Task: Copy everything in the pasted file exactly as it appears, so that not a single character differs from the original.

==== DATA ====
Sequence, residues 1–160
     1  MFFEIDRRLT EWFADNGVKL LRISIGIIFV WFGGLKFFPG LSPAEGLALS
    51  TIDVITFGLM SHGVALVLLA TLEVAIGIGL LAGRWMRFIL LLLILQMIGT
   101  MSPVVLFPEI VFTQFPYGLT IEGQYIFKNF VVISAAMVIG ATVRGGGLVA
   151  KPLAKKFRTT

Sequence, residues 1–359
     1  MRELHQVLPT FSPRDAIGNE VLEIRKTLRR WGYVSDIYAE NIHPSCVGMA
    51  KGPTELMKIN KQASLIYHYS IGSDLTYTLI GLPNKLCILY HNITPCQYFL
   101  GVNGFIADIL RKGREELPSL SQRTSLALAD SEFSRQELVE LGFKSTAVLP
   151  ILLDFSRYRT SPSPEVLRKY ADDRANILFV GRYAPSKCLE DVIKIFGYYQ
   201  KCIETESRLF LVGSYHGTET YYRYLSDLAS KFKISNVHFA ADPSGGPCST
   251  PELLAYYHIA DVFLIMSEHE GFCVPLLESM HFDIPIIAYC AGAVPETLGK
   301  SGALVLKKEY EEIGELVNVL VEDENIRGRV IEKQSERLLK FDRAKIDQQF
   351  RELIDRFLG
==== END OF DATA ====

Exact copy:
Sequence, residues 1–160
     1  MFFEIDRRLT EWFADNGVKL LRISIGIIFV WFGGLKFFPG LSPAEGLALS
    51  TIDVITFGLM SHGVALVLLA TLEVAIGIGL LAGRWMRFIL LLLILQMIGT
   101  MSPVVLFPEI VFTQFPYGLT IEGQYIFKNF VVISAAMVIG ATVRGGGLVA
   151  KPLAKKFRTT

Sequence, residues 1–359
     1  MRELHQVLPT FSPRDAIGNE VLEIRKTLRR WGYVSDIYAE NIHPSCVGMA
    51  KGPTELMKIN KQASLIYHYS IGSDLTYTLI GLPNKLCILY HNITPCQYFL
   101  GVNGFIADIL RKGREELPSL SQRTSLALAD SEFSRQELVE LGFKSTAVLP
   151  ILLDFSRYRT SPSPEVLRKY ADDRANILFV GRYAPSKCLE DVIKIFGYYQ
   201  KCIETESRLF LVGSYHGTET YYRYLSDLAS KFKISNVHFA ADPSGGPCST
   251  PELLAYYHIA DVFLIMSEHE GFCVPLLESM HFDIPIIAYC AGAVPETLGK
   301  SGALVLKKEY EEIGELVNVL VEDENIRGRV IEKQSERLLK FDRAKIDQQF
   351  RELIDRFLG